So far, the source code for every site has been consistent enough for me to correctly parse with my regex. I’ve saved several items with no issues. And because I’m using an appearance: file for the parsing code, I can easily add another source and the shortcut would just read the latest version. Having it on GitHub also means I can use it anywhere else I might want to create similar apps for saving bookmarks.

I try to keep my Shortcuts modular; everything is a component. The shortcut for adding Bookmarks, for example, is 4 different smaller ones assembled. So sharing them would be a nightmare. Also, this setup is very specific to my use case. However, if anyone is adamant about getting your hands on any of this, hit me up on Twitter and I’ll see what I can do.

After everything is put together, this what we’re looking at:


Going Further

I’m quite happy with the API setup. And the shortcuts will get some optimizations here and there, just to reduce the amount of input needed from me; ideally, I’d like to hit the shortcut from the share sheet and hate it do everything with my intervention.

With that said, there’s so much more to do on the front-end. I plan to create a nice table UI for all of my lists, not just Bookmarks. I’m still debating if it should go on this site or if I should create a completely separate app with authentication. I’m leaning towards the latter just because I want to have the option of adding and deleting items from the front-end. But we’ll see.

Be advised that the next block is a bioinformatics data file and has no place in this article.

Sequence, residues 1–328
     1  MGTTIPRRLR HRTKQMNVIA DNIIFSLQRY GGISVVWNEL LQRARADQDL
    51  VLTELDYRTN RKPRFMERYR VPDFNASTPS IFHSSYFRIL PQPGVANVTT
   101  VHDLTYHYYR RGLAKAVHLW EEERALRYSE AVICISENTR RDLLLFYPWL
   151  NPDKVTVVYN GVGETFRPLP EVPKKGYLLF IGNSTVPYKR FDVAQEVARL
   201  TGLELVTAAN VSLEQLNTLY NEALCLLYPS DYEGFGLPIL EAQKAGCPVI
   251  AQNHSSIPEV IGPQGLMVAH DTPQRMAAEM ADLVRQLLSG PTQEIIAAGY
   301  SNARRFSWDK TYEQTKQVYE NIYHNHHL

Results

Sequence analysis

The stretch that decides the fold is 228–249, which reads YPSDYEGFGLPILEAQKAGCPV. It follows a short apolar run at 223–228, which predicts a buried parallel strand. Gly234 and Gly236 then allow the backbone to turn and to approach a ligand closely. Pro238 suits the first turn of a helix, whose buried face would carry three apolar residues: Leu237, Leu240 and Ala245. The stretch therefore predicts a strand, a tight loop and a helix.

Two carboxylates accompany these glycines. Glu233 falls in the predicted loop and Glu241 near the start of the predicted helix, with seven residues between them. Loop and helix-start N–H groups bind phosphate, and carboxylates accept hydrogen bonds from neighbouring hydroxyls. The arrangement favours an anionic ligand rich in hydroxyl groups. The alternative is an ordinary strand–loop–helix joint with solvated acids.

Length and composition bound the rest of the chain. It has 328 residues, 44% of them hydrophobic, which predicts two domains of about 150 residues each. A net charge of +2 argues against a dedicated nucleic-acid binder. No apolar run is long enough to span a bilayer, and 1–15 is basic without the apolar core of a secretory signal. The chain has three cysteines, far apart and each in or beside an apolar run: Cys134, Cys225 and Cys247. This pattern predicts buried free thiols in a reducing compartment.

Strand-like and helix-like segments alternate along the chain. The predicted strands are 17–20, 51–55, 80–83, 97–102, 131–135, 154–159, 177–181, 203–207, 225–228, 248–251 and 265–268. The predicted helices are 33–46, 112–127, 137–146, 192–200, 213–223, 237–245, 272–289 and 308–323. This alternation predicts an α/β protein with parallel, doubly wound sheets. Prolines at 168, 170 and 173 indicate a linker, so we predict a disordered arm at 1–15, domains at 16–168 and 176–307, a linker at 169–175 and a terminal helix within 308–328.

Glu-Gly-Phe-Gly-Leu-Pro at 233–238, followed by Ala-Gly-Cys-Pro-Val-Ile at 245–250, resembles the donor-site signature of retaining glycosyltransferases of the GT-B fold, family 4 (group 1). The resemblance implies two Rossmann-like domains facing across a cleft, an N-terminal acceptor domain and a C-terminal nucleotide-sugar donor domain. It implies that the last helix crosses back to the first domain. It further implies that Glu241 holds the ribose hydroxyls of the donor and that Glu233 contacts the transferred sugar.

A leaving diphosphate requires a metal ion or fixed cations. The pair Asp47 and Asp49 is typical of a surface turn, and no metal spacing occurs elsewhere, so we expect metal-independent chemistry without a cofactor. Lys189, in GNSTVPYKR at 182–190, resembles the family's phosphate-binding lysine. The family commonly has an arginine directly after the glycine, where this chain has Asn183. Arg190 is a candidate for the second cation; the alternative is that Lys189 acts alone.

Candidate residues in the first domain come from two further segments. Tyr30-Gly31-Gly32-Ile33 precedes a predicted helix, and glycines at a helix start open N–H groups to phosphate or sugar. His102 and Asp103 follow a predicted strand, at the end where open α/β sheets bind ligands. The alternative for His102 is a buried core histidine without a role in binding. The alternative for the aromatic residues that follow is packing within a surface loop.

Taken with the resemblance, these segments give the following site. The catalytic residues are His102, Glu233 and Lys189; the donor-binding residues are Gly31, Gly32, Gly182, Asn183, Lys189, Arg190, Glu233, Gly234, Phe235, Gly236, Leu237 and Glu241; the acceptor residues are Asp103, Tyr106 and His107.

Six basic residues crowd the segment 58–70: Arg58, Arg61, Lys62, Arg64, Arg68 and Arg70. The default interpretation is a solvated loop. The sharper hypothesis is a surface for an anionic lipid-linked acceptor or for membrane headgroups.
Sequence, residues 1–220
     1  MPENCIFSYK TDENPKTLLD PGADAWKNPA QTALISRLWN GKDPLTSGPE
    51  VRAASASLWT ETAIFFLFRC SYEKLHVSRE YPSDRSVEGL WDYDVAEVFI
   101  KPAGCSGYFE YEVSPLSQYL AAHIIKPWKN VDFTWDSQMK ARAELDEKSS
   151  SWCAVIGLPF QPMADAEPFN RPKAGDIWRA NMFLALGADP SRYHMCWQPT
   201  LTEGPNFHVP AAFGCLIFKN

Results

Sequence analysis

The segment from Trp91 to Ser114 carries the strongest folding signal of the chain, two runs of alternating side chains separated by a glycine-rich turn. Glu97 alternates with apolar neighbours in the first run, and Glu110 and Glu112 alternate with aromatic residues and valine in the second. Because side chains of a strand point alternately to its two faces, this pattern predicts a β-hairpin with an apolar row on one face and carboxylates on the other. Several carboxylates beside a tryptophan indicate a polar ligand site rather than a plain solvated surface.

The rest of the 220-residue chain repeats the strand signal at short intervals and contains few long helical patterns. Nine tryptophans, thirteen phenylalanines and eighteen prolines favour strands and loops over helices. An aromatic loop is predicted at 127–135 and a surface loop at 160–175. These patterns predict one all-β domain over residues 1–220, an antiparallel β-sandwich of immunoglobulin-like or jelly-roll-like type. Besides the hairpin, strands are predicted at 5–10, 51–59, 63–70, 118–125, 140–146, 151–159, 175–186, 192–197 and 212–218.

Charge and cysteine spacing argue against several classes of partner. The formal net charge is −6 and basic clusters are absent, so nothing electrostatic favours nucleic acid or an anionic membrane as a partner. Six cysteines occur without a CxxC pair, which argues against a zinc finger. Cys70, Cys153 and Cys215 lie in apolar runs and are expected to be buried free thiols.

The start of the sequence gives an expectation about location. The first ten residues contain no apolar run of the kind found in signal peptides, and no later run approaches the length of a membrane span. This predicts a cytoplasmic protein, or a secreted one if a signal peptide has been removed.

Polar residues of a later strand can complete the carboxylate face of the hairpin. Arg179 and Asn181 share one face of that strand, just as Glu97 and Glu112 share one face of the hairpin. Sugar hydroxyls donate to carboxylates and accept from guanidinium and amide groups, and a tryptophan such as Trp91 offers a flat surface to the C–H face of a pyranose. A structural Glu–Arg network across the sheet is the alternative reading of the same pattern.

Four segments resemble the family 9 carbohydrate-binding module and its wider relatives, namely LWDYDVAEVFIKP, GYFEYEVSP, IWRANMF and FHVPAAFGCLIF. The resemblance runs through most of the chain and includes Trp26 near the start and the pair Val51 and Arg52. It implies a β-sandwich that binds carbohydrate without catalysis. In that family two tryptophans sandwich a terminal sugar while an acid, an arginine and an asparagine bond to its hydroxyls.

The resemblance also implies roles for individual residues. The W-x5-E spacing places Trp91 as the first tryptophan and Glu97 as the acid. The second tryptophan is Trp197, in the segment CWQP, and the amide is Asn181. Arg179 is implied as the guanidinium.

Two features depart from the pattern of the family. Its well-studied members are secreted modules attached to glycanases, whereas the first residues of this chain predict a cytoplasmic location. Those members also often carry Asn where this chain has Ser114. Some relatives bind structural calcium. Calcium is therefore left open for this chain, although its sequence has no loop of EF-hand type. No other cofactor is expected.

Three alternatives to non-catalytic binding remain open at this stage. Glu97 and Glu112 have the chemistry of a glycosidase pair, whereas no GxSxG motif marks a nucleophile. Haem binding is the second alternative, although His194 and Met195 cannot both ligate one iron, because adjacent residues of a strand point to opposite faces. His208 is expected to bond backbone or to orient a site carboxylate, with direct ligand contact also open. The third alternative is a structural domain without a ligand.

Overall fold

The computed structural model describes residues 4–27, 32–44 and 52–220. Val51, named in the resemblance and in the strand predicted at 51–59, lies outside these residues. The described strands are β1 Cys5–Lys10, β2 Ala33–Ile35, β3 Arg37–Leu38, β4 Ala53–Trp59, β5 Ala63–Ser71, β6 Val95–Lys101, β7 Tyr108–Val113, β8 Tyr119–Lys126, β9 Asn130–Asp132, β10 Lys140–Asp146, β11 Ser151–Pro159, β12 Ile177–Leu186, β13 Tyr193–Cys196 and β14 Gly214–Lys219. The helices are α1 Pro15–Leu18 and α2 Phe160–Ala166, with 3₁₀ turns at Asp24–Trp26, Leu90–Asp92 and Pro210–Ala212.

There’s absolutely no need for all of this. I have another shortcut that makes a fetch to the API and gives me a nice list of Bookmarks to choose from. This works well for all of my lists. But that’s just boring. So stay tuned for more to come.

  1. This used to be documented, but with their recent move from beta to full release, I can’t seem to find it. Editing the Docker Compose should still work, though I don’t recommend this unless you’re sure of what you’re doing. ↩︎

See Also

Tools of the Trade

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Spreadsheets Revolutions

I was dissatisfied with the current bookmarking solutions out there, so I decided to make a custom one instead. This started with a myriad of Airtable bases and then—for some stupid reason—I decided to roll my own hosted database.

On Procrastinating

For a lot of us, procrastinating is the norm and getting some work done is the accomplishment of the day. I have no idea how to solve that problem. And that's not what this post is about. But let's talk about it anyways.